If we’re totally honest, the answer is… probably not. If we look at the history of the development of esports disciplines like CS or Dota, we don’t see such a clear dominance of cross-national teams. This is partly due to problems such as ping and the language barrier at cybersport was more acute. In part, what is notable about Valorant is that its initial development as an eSport occurred during the pandemic lockdown period, which meant the teams didn’t even consider travel availability and boot camps.
While many of the major teams are now starting to take their players to boot camps, organizing trips to tournaments is still a long way off. Also, eSports in general have changed a lot over the past 10-15 years. So the general trend toward globalization inevitably has had an impact on the development of new shooters, including Valorant.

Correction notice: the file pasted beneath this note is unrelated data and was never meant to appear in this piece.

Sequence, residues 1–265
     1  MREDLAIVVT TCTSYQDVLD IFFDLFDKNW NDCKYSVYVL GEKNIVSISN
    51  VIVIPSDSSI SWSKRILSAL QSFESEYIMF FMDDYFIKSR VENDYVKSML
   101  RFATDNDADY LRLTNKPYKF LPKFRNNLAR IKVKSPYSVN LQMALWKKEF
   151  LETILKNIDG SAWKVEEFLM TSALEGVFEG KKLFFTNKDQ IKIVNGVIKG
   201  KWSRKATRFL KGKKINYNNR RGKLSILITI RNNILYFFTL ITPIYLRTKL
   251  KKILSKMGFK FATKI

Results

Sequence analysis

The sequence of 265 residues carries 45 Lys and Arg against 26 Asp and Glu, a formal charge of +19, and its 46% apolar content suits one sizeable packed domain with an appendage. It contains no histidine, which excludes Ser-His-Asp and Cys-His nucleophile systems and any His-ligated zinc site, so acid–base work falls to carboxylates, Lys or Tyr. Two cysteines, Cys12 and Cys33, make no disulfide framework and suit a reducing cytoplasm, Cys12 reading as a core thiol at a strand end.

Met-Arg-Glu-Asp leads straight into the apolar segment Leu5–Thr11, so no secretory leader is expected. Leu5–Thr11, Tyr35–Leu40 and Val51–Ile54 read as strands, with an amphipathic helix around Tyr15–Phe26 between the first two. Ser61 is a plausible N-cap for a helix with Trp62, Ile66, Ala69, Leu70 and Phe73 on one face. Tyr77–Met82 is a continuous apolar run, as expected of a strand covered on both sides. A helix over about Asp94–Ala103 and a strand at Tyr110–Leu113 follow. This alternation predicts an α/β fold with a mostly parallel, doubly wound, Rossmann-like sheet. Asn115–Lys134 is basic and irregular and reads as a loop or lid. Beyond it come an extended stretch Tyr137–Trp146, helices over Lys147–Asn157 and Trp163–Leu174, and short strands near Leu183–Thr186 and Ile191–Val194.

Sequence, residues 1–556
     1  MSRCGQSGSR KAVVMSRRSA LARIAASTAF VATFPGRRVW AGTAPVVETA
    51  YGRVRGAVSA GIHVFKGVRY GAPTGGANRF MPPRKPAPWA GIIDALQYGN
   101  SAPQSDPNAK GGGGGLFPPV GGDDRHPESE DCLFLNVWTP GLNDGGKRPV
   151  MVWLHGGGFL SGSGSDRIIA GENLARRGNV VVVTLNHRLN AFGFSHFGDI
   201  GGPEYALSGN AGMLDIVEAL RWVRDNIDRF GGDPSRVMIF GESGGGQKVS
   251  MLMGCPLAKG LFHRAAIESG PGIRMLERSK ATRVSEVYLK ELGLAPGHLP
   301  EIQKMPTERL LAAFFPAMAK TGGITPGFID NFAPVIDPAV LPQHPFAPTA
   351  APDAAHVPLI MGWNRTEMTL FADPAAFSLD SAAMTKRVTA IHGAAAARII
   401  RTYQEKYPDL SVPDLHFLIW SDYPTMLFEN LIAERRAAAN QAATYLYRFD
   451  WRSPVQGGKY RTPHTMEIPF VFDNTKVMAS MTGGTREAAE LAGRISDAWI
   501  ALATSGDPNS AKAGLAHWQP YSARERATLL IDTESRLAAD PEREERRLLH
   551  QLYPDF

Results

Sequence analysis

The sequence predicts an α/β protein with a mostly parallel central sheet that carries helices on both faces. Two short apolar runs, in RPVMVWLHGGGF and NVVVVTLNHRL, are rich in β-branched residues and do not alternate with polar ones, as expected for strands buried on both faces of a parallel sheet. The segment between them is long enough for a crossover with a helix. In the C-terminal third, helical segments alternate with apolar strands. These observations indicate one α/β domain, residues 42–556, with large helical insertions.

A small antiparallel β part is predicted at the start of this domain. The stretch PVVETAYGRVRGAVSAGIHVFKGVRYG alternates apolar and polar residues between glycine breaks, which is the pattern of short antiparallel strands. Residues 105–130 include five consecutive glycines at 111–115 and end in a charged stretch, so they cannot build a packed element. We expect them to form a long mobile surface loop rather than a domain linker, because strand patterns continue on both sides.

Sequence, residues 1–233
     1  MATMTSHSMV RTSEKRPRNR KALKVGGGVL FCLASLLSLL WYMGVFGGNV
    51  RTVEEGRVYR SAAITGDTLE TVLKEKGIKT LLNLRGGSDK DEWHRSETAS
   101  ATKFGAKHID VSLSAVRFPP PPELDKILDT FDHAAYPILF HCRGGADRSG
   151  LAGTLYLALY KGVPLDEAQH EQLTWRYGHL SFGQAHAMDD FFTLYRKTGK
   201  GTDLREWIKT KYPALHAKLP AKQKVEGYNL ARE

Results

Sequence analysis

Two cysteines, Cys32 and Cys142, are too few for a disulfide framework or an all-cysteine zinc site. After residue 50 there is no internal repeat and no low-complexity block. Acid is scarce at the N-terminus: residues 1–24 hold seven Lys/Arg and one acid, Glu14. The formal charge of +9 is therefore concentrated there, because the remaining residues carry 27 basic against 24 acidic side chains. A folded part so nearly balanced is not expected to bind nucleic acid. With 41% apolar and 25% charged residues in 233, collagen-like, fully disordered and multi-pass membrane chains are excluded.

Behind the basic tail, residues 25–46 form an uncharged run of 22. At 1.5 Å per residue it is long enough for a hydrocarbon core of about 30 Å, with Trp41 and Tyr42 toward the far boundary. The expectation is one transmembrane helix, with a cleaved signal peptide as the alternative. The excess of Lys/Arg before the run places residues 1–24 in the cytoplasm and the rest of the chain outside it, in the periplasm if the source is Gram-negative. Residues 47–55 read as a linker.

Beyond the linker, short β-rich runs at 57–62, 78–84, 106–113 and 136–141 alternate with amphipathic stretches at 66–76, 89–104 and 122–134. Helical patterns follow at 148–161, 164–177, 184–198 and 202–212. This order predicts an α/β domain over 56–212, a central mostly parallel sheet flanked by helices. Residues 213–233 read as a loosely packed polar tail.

The last reason, which is perhaps the most important and fundamental one, relates to another feature of Valorant.
It’s no secret that our favorite tactical shooter is not only similar to Counter-Strike, but literally identical to its older brother in terms of its basic mechanics.
This meant that CS:GO players who made the switch to Valorant had already mastered 70-80% of the new shooter before the game client was even launched.